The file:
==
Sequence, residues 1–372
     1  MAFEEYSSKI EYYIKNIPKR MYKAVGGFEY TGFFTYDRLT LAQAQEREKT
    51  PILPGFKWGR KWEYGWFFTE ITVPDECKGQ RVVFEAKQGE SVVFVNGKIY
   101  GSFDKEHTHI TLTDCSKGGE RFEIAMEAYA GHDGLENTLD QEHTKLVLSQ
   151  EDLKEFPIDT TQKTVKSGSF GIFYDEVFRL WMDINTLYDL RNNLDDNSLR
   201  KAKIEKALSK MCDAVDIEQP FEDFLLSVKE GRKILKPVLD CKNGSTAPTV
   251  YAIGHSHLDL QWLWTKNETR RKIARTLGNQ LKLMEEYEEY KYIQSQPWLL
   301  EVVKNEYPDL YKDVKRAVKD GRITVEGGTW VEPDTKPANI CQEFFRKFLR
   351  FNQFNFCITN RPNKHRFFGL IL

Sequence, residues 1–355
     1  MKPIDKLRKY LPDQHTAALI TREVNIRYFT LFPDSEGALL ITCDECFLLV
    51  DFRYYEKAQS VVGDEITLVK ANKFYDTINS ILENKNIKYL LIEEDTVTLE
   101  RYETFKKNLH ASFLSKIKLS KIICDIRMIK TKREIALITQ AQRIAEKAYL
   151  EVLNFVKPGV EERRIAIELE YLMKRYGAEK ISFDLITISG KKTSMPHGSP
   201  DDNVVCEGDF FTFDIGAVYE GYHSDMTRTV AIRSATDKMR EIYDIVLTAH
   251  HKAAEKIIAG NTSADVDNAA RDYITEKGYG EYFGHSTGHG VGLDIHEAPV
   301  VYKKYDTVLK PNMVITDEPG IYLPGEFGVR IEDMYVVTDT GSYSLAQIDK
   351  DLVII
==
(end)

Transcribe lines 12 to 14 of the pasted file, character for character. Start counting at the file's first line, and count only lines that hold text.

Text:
    51  DFRYYEKAQS VVGDEITLVK ANKFYDTINS ILENKNIKYL LIEEDTVTLE
   101  RYETFKKNLH ASFLSKIKLS KIICDIRMIK TKREIALITQ AQRIAEKAYL
   151  EVLNFVKPGV EERRIAIELE YLMKRYGAEK ISFDLITISG KKTSMPHGSP